Ongoing self-driving partnership
Kia and Hyundai’s positive response to the initial work led to a second stage of the partnership, investigating how users will want to interact and communicate with an autonomous vehicle.
“The people we spoke to gave us many examples of the type of relationship they could have,” said Dr Cha. “Some suggested a relationship like that between a horse and its rider, we also had comparisons to a butler and their employer, or an aeroplane pilot and auto-pilot. Some also spoke about being team players with their cars.
“Different contexts will determine how people want to communicate. For example, if someone was feeling emotional or upset, they might not want to talk.”
The suggested solution is a multi-model approach offering several options for communication between car and user, which could provide safety benefits as well as better user experiences.
2019 Hyundai video
Back in 2019, in the early days of Cars of the Future, this futuristic video of Hyundai’s EV wireless charging and automated valet parking concept was one of our most popular features.
Transport Select Committee to scrutinise the development and deployment of self-driving vehicles on UK roads.
On 27 June, the Transport Select Committee announced a new inquiry into self-driving vehicles and issued a Call for Evidence.
Chaired by Huw Merriman MP, with a remit to hold Transport Ministers to account and to investigate matters of public concern, the influential cross-party group will scrutinise the development and deployment of self-driving road vehicles.
It follows confirmation that the Transport Bill announced in the recent Queen’s Speech will introduce comprehensive legislation for self-driving vehicles in the UK.
Other heavyweight issues currently before the Transport Select Committee include the integrated rail plan, the national bus strategy and road pricing.
Call for evidence on self-driving
The Call for Evidence on self-driving vehicles reads: “We are particularly interested in receiving written evidence that addresses:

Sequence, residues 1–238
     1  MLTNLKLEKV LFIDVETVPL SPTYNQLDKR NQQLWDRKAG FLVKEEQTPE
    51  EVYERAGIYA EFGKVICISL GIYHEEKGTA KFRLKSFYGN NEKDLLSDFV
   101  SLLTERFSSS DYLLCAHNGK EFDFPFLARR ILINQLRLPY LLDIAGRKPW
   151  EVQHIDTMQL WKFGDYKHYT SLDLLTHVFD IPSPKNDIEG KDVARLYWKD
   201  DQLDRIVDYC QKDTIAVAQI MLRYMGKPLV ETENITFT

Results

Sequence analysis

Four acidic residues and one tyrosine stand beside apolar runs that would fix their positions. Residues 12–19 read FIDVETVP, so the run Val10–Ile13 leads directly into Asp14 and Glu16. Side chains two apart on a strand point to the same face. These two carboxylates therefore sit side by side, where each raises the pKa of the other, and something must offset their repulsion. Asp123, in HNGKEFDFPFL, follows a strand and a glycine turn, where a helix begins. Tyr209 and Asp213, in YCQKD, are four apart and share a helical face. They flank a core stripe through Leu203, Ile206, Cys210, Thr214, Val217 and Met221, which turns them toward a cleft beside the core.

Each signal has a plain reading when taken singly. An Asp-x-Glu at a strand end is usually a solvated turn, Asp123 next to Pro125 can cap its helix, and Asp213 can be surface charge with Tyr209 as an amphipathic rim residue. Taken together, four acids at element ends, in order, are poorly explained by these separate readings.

Likely uses, including private cars, public transport and commercial vehicles;
Progress of research and trials in the UK and abroad;
Potential implications for infrastructure, both physical and digital;
The regulatory framework, including legal status and approval and authorisation processes;
Safety and perceptions of safety, including the relationship with other road users such as pedestrians, cyclists and conventionally driven vehicles;
The role of Government and other responsible bodies, such as National Highways and local authorities; and potential effects on patterns of car ownership, vehicle taxation and decarbonisation in the car market.”
The deadline for evidence is Monday 22 August 2022.
Law Commission issues paper on reform options for remote driving on shared roads.
On 24 June, The Law Commission published a 93-page issues paper on reform options for remote driving, inviting feedback from the public.
It notes: “Technology that enables an individual to drive a vehicle from a remote location already exists today – operating in controlled environments such as warehouses, farms and mines.” The new paper considers how the existing legal framework applies to shared roads.
Whether you see it as a bridging technology or a long-term solution, remote driving – where a person outside a vehicle uses connectivity to control it, often from many miles away – will certainly be part of the mix on the road to self-driving.
Indeed, in May, Project Encode demonstrated transfer of control across three states – manual driving, autonomous driving and teleoperation – in live vehicle tests in Oxford and London.
The issues paper press release highlights four safety challenges:
Connectivity: how can a reliable connection between the remote driver and vehicle be ensured and how can safety risks be mitigated if connectivity is lost?
Situational awareness: how can drivers remain aware of their surroundings through a screen without (for example) the “feel” of acceleration?
Keeping remote drivers alert: how can the risk of fatigue, motion sickness and distraction be overcome?
Cybersecurity: how can unauthorised takeover of vehicles be prevented?
From a law enforcement perspective, tricky questions arise from the possibility that a vehicle on British roads could be remotely driven from abroad. The Law Commission therefore invites views on whether this should be prohibited.